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  No Blade of Grass Apocalypse Now
Year: 1970
Director: Cornel Wilde
Stars: Nigel Davenport, Jean Wallace, John Hamill, Lynne Frederick, Anthony May, Wendy Richard, Patrick Holt, George Coulouris, Nigel Rathbone, Christopher Lofthouse, Mervyn Cumming, Ross Allan, Christopher Neame, Anthony Sharp
Genre: Action, Science FictionBuy from Amazon
Rating:  6 (from 1 vote)
Review: Come the nineteen-seventies pollution has grown so devastating across Planet Earth that the population of the world are beginning to panic, and now that a virus is striking the grass itself, caused by that pollution, the whole ecosystem has become difficult to sustain. One man who knows that all too well is John Custance (Nigel Davenport), an architect who when he hears that the city of London is about to fall victim to martial law decides to take his family and leave before things get too awful - but is he too late?

If there was one thing you could say about No Blade of Grass, writer and director (but not star) Cornel Wilde's adaptation of sci-fi author John Christopher's novel, it was that its message was presented earnestly. But the nature of that message was thrown into doubt when the dire warnings of unavoidable anarchy were conveyed with such gusto that rendered the action sequences, of which there were a number, looking more like a libertarian's dream, sort of "wouldn't it be great if a civilised country like Britain was to descend into the Wild West?" Whether Wilde was more interested in that aspect was a moot point.

If anything, he seemed torn between the excitement of getting to gun down people in a perfectly justified manner and his ecological themes, the latter we were repeatedly reminded of thanks to the documentary-style inserts of that pollution doing its deadly work and animals and plants - and people - suffering as a result. It certainly made you think, but as the seventies are well passed by now and while we have the same problems, there has been no breakdown of society on a grand, continents-wide scale, you tend to take Wilde's bludgeoning rhetoric with a pinch of salt. Not that environmental concerns are to be dismissed, but neither does going over the top in the warnings help any.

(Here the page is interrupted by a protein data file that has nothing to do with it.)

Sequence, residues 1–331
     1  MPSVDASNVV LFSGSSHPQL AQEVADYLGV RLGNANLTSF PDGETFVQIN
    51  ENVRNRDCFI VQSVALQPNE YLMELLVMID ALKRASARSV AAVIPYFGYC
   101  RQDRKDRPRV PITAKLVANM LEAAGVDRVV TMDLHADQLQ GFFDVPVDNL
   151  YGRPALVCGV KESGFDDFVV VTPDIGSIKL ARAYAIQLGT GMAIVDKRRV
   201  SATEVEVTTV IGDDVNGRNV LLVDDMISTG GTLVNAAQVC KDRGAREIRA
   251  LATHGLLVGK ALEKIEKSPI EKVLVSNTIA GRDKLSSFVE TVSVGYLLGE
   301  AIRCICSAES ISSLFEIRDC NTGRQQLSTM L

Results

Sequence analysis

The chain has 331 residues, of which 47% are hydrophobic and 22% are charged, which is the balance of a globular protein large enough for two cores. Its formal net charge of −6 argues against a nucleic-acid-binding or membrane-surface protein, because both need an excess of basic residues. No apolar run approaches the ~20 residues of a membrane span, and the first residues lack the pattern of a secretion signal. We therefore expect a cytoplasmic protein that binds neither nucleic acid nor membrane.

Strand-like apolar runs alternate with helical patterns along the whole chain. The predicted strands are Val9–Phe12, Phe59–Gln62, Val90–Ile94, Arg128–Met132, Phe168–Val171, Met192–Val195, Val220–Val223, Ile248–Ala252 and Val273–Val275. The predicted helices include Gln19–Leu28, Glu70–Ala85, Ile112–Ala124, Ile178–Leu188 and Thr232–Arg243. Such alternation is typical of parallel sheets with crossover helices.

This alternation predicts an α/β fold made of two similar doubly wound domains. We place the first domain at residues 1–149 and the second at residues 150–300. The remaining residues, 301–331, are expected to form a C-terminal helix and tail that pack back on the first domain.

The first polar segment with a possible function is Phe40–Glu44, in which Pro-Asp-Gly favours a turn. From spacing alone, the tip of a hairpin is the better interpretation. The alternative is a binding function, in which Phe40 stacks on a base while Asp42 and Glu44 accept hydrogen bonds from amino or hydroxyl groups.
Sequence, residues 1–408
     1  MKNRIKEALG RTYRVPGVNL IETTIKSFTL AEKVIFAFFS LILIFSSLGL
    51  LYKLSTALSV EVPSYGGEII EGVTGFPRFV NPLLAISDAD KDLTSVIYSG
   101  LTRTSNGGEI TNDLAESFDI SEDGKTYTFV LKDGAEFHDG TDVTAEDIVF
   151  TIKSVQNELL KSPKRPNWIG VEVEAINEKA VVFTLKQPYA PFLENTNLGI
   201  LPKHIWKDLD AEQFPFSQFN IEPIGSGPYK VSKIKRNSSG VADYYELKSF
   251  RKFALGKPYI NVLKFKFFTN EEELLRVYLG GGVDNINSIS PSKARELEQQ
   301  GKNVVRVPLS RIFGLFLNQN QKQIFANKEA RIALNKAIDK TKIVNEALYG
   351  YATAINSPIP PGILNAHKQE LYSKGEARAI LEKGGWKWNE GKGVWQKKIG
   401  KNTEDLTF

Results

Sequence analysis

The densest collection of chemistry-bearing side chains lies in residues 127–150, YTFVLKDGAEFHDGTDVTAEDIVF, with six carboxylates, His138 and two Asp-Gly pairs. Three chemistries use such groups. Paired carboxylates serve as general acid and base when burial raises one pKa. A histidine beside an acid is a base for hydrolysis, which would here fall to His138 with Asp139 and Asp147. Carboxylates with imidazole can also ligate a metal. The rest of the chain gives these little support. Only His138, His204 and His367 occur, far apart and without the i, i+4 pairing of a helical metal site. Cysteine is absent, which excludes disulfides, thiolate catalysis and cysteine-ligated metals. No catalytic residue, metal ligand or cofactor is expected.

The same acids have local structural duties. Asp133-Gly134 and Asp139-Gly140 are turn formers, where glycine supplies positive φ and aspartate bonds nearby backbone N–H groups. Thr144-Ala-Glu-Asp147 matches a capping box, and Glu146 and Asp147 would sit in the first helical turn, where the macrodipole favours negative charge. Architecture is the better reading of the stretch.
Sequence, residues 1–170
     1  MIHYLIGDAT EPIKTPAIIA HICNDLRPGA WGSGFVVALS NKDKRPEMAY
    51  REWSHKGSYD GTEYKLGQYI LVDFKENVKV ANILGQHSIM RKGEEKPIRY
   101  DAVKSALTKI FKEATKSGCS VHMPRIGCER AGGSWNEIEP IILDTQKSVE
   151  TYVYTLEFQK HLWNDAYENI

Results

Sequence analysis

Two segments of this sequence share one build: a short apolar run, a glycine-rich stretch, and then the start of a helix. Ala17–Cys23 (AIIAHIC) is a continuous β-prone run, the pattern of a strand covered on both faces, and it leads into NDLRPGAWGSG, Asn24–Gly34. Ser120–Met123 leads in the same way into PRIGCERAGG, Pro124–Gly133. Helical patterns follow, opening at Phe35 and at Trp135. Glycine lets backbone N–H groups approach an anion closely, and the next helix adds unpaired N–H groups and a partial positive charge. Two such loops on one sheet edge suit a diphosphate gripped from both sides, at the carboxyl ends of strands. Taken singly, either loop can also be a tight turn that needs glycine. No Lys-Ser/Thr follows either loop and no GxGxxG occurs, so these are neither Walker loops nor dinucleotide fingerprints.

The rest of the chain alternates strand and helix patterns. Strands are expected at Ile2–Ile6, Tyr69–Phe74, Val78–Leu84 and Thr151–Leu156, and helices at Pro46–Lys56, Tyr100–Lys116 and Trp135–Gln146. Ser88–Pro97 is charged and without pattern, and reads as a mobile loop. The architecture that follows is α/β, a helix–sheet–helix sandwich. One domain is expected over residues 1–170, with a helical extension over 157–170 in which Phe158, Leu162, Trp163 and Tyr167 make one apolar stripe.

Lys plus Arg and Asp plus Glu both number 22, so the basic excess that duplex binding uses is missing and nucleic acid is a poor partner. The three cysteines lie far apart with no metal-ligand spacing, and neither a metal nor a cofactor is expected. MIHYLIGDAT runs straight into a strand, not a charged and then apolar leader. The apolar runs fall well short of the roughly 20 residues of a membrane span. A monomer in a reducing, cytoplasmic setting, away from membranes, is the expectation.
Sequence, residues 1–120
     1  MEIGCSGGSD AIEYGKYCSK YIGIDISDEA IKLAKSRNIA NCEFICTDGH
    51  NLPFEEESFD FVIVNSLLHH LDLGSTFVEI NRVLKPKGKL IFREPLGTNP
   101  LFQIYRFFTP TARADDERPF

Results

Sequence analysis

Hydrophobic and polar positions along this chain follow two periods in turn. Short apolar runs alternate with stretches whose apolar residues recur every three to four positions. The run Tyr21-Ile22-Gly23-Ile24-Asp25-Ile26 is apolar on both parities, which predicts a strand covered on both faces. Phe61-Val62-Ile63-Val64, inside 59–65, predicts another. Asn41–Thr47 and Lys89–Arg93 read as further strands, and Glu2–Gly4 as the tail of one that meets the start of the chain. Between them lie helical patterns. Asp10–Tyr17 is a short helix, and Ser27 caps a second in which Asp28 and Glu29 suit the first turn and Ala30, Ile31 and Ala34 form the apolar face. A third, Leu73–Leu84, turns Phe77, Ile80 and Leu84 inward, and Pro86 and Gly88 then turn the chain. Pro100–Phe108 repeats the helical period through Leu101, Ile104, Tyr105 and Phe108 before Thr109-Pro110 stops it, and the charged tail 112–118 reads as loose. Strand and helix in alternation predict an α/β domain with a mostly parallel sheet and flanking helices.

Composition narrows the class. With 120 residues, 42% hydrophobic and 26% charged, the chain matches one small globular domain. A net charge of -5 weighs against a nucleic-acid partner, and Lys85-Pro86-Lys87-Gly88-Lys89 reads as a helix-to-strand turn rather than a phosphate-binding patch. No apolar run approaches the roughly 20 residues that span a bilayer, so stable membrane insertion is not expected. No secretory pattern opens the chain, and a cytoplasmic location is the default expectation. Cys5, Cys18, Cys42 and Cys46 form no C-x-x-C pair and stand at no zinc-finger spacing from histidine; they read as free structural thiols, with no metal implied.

Besides, this was as much an adventure yarn as it was a lesson to society, even if it was a square-jawed and often bleak one. As if it was a predecessor to 28 Days Later..., although it had its own grounding in the likes of Ray Milland's Panic in Year Zero, the Custance family has to make its way north to a farm in Yorkshire, and along the way pick up a collection of survivors as well as having to negotiate those members of society who have taken up arms. They do this either to protect their land or homes, or more worryingly to attack the vulnerable when they see a chance to raid their belongings or rape the women, something Custance's wife (Wilde's wife Jean Wallace) and daughter (Lynne Frederick, making her debut) find out to their cost.

Custance also has Roger (John Hamill), a scientist who has been researching a cure for the virus, as his right-hand man, but problematically the party have to take along the far more violent Pirrie (Anthony May) and his wife (Wendy Richard), who proves more useful in fighting off the bad guys, except that he's something of a bad guy himself, and enjoys the chance to shoot that bit too much. He sums up the way the country is increasingly going as nobody is interested in rules anymore, and is only out for what they can get, a selfish attitude taken to its extreme as mayhem predominates. As much a forerunner of the post-apocalypse action movie in its descent into scenes of gun battles and the odd explosion, No Blade of Grass may have been entirely sincere, but its overall grimness acts as a finger-wagging moral to the human race to get its act together while somewhat hypocritically seeking to thrill the audience with the same methods. Yet for all that, it does grind along efficiently. Music by Burnell Whibley, including a folk song from Roger Whitaker helpfully summing up the issues.
Reviewer: Graeme Clark

 

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